Thursday, March 13, 2014

Who are Loyolans?

By Diane, 1E

Investors, entrepreneurs, actors, bankers, models, paralegals, yoga instructors, musicians, philanthropists, volunteers, and lobbyists.

The Loyola Law School student body is comprised of all of these individuals and many, many more.  I’m always amazed to find out what my classmates do when not learning about the law.  They’re going to “pilot season” auditions, organizing care packages for the homeless, re-vamping worn-down properties, negotiating deals, and the list goes on.

I do my best to keep up with this ambitious crowd.  My own extracurricular passion is dog rescue.

It all began during an evening walk through a community park in Iasi, Romania, the city where I lived, in 2010.  I was already well aware of a stray dog problem in the country, but I felt I could do little, if anything, to help.  I was raising an infant son, my husband was wrapping up his studies in dental medicine, and we lived in a cozy one-bedroom unit within a communist-era residential building.

But on that life-changing evening, I happened upon two tiny puppies, sitting alone at the park next to a bench.  We sat down on the bench and waited to see if their mother would come back.  We waited for so long that the puppies eventually curled up on our feet and fell asleep.  How they tugged at my heartstrings!  I couldn’t leave them alone to freeze through the night, so I informed my husband that we were taking the puppies home.  My husband knew better than to disagree with a woman on a mission, so he obliged.  I placed the puppies in the open bottom storage compartment of my son’s stroller and brought them home.  With no pet supplies whatsoever, I had to simply set some newspapers in a cardboard box for the night, and that’s where the puppies slept.  Their sleeping quarters eventually upgraded to the bathtub, which I covered with a rug.  When resources are limited, you have to improvise!
At the vet the next day, the puppies received some flea/tick-controlling drops, vaccinations, and de-worming pills.  Fortunately for everyone, the de-worming phase was short-lived.  The housebreaking stage was slightly more complicated, since I refused to allow the puppies back out on the street, not knowing what kind of diseases they could become infected with since they no longer received any maternal antibodies and since they had not completed the full course of vaccinations either.  So, it was complicated.  If I ever left home with the puppies, I had to carry them around in a bag.  It was quite the spectacle—especially for the locals.  Never had they ever seen an Asian American woman tote two little street mutts around with the pups’ heads poking out of a handbag, while also pushing a baby around in a stroller.
My son actually learned how to crawl and walk while dodging these puppies.  They were the cutest sight to behold, the little trio.  They essentially became part of the family.  Thus, I fantasized about taking the puppies back to Los Angeles with me, but realized it wouldn’t be possible, since I would have to move back in with my parents until I found a place of my own.  Releasing the puppies back onto the streets was, of course, not an option.  Finding them a home in the neighborhood wasn’t an option either, since I was pretty certain they would wind up on the streets eventually—mutts of stray origins just aren’t generally accepted as household pets over there.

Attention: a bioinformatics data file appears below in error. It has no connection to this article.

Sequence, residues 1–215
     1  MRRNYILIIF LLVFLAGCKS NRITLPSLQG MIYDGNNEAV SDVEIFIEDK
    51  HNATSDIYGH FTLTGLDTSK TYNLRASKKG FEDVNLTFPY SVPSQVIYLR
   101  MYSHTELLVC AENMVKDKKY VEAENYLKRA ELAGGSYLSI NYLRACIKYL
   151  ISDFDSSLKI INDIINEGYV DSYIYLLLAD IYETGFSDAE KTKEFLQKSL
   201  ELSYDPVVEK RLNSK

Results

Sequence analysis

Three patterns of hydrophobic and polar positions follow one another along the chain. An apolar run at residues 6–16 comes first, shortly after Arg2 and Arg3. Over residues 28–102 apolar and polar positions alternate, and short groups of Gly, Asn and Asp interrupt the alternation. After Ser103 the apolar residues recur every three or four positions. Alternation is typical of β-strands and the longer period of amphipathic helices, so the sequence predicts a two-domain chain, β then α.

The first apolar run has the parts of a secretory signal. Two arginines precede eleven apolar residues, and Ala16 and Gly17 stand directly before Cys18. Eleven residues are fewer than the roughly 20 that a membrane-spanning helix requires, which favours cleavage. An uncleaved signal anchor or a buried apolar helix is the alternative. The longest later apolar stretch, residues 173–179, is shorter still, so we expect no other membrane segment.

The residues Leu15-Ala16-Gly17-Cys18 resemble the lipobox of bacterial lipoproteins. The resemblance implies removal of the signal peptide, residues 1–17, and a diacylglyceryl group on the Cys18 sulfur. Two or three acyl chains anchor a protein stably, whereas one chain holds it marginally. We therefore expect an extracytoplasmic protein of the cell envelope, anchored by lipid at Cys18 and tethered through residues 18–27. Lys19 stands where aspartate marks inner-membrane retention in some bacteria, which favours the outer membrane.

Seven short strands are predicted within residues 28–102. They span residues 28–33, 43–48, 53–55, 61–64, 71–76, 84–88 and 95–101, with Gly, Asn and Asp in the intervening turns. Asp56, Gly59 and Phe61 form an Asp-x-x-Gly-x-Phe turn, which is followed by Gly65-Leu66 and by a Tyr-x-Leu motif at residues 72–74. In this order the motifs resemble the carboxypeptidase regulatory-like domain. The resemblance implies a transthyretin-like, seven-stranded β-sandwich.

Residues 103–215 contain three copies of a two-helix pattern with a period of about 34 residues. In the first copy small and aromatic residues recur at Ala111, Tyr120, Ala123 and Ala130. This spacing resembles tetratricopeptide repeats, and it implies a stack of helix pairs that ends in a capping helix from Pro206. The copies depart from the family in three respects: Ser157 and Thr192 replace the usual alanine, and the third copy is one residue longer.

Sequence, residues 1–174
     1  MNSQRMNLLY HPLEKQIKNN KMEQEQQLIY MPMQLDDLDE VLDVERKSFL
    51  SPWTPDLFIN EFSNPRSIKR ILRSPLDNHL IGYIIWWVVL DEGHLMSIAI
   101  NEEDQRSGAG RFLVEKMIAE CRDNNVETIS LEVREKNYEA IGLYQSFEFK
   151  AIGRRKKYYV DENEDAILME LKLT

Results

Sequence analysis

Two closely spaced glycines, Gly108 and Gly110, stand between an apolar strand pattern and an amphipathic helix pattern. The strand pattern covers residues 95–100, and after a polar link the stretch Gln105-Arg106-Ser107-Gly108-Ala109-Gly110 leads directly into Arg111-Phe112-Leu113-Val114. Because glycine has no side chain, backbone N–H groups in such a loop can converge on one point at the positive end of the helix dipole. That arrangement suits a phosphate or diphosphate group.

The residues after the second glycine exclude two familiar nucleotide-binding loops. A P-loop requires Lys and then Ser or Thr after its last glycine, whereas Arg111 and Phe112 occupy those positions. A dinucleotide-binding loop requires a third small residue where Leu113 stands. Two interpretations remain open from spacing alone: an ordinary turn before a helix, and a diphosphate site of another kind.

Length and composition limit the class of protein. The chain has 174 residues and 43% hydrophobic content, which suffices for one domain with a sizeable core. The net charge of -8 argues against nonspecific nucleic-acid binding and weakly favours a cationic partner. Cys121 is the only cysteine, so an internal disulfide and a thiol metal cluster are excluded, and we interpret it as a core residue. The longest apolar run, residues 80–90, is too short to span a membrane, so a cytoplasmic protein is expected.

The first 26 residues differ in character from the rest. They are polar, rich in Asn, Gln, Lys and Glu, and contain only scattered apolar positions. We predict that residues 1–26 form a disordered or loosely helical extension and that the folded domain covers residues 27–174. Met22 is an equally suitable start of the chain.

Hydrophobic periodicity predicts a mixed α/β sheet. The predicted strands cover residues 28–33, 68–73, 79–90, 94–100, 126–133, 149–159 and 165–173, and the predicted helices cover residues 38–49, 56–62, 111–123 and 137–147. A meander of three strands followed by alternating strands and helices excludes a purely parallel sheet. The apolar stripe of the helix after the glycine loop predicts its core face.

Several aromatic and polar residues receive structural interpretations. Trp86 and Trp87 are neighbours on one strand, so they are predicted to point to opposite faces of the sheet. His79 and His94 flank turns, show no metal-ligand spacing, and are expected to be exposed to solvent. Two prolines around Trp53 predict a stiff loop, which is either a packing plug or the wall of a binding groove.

So, I performed an online search and found out about Nancy Janes, the founder of Romania Animal Rescue, Inc.  I discovered that Nancy, a native Californian, established the non-profit group after visiting Romania for a backpacking trip.  Upon arrival, she gave up the backpacking tour in favor of feeding the stray dogs.  The problem impacted her so much that she came home and went to work setting up an organization to help.  Since the group’s inception, Nancy has had numerous Romanian vets trained and has funded spay/neuter operations for countless Romanian dogs.

I called Nancy up and told her about my two puppies, and she immediately went to work putting me in touch with local rescue groups.  I was connected with Treue Pfoetchen (TP), a German rescue group that routinely pulled dogs out of Romania for adoption in Germany.  TP agreed to take my puppies before I departed for Los Angeles.  They put me in touch with one of their regular foster homes in Bucharest, the capitol city, where the puppies would stay until a van would pick them up for the road trip to Germany.

So, I packed my bags and my husband drove me from Iasi to Bucharest, a trip that lasted about 6 hours.  The puppies sat on my lap for the duration of the drive, since I didn’t have a crate to put them in.  The poor things were totally unaccustomed to vehicles, so they got carsick and vomited on my lap numerous times.  I think I have since burned the skirt I was wearing that day.

Once in Bucharest, we dropped the puppies off at their foster home.  I boarded a flight back to Los Angeles, while my husband drove back to Iasi to finish his exams.  Back in L.A., I revisited the TP website and found photos of my puppies safe and sound in Germany.  Elated, I knew that wasn’t the last time I would rescue dogs.

In fact, on March 11, 2014, I had the pleasure of welcoming four Romanian street dogs to Los Angeles.  It was an incredible rescue that came together as a result of amazing teamwork, as well as some generous donations of course.  But with that teaser, I will conclude this post—stay tuned for more on the “Romanian Puppy Rescue Mission”!

Who are Loyolans?  Add international dog rescuer to that list.

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